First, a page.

“Whilst some problems—at the leading edge of scientific knowledge, say—may take decades or lifetimes to crack, many everyday problems, like the nappy-changing one, go from seemingly impossible to solve, to solved with a brilliant solution, in a matter of minutes. And you know what? Solving problems is fun! It is interesting! It sparks joy! Not just in our babies but in us too!”
– Sarah Fitz-Claridge
[‘diaper’ = ‘nappy’ in British English]
“Help! My baby hates diaper changes! What do non-coercive parents do?? Ideas for baby-pleasing solutions?”
“My 18 month old has never liked getting his diaper changed (after all, it’s a transition from warm to cold), but it is a matter of his health and well-being that the diaper get changed.”
The second questioner above seems to have a fixed theory about nappies, and about babies not liking having them changed. That theory is mistaken.
The trouble with this intransigent stance is that if you are saying that it is a matter of health or medically necessary that the nappy be changed, and changed when you deem it needs to be done, you are asserting that you know the truth, and that your baby not only doesn’t know the truth, but is irrational. By that posture, you are not even considering that there might be a better idea possible—such as an improvement in how exactly you change the baby’s nappy. If babies must have their nappies changed because Health Requires It (silent addendum—regardless of how much they hate it) then their resulting suffering is medically justified.
If the proposition ‘it is necessary for health’ is justified regardless of their opposition to the idea, then you are taking the view that their suffering can be discounted as irrelevant, and you therefore blind yourself to any creative solution to the problem that could make all the difference. And if you had had a different view, you might otherwise easily have found a good solution by a bit of lateral thinking or thinking outside the box.
If you take the view that so long as they are objecting, there is something wrong, and that if they are objecting a lot, then there is something badly wrong—and that it is up to you to remove the cause of their distress and that then they will enjoy having their nappies changed—then you will be looking for a solution. That solution may be quite easy to find. Even if you do not discover a good solution easily, at least you will be engaged in trying to solve the problem, experimenting, considering alternatives to nappies, scrupulously respecting the child’s wishes about when to change the nappy, trying different kinds of nappies, and so on.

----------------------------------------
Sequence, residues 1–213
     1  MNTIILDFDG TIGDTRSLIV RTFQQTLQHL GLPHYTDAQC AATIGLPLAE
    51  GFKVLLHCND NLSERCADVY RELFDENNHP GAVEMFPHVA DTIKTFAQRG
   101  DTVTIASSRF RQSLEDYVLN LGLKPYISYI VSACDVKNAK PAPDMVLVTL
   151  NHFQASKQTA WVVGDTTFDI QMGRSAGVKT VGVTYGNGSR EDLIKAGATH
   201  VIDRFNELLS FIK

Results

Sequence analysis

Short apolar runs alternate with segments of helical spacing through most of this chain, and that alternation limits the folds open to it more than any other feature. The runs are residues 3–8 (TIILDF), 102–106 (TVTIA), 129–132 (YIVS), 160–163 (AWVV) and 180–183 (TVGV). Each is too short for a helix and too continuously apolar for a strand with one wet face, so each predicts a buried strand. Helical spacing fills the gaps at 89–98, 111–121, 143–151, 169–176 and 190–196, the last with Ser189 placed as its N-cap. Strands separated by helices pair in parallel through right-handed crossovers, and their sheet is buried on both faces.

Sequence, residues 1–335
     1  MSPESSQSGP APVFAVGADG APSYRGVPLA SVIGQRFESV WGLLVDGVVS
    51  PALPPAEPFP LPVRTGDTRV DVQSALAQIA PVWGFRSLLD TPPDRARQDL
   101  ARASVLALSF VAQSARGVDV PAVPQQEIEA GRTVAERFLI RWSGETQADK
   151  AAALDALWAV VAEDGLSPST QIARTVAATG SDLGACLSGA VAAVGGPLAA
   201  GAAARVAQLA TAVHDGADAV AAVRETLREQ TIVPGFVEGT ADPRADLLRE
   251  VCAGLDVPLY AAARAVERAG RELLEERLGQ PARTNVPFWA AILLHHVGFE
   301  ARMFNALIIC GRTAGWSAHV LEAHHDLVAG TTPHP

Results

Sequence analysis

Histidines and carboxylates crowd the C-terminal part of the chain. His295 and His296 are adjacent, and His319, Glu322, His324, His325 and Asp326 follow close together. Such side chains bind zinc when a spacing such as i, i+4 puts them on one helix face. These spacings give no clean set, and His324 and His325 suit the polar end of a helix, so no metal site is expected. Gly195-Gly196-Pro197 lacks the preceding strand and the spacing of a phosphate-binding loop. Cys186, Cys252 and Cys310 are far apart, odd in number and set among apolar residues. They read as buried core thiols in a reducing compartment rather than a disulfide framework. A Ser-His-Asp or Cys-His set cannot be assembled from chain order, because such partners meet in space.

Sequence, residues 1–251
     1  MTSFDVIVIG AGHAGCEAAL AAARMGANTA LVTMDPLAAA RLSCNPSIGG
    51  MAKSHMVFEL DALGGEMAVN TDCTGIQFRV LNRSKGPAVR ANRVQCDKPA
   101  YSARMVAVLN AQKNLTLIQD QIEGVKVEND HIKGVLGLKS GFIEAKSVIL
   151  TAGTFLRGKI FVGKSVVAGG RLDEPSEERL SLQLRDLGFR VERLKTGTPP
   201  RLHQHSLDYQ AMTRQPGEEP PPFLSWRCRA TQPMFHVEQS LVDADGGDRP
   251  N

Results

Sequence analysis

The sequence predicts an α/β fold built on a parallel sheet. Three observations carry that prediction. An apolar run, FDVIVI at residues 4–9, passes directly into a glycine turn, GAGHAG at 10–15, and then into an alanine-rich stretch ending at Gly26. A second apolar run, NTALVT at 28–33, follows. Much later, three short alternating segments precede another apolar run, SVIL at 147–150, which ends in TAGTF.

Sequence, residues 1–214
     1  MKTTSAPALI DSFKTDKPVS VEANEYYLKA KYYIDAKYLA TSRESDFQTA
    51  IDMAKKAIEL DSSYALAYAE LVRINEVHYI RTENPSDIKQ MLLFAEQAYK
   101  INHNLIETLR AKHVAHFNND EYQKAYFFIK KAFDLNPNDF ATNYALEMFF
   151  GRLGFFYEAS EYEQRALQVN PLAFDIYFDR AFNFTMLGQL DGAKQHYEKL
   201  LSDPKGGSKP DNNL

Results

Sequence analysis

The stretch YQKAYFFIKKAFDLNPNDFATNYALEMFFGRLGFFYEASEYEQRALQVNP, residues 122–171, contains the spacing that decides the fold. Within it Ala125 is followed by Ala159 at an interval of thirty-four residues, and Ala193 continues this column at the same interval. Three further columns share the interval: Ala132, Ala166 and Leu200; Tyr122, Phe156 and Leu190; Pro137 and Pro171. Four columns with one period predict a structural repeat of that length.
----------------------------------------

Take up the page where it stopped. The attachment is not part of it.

Since so many parents seem to have no idea how it might be possible to deal with the diaper issue entirely without any coercion, here are some ideas to get you started:
- be gentle instead of rough
- scrupulously respect any sign of any lack of consent—any micro-expression suggesting lack of consent—maybe your baby was in the middle of something and this particular moment is wrong because you are interrupting—no one likes being wrenched away from creative work important to them (yes babies are doing this before they have explicit language)
- bring fun, connection, playfulness, lightness and ease to the process instead of being in stressed battle mode or weird blank-faced or pseudo-empathetic intransigence
- change them in front of a warm air heater (the shock of the cold is often the cause of their objection)
- warm the baby wipes in the microwave before using them (so simple!)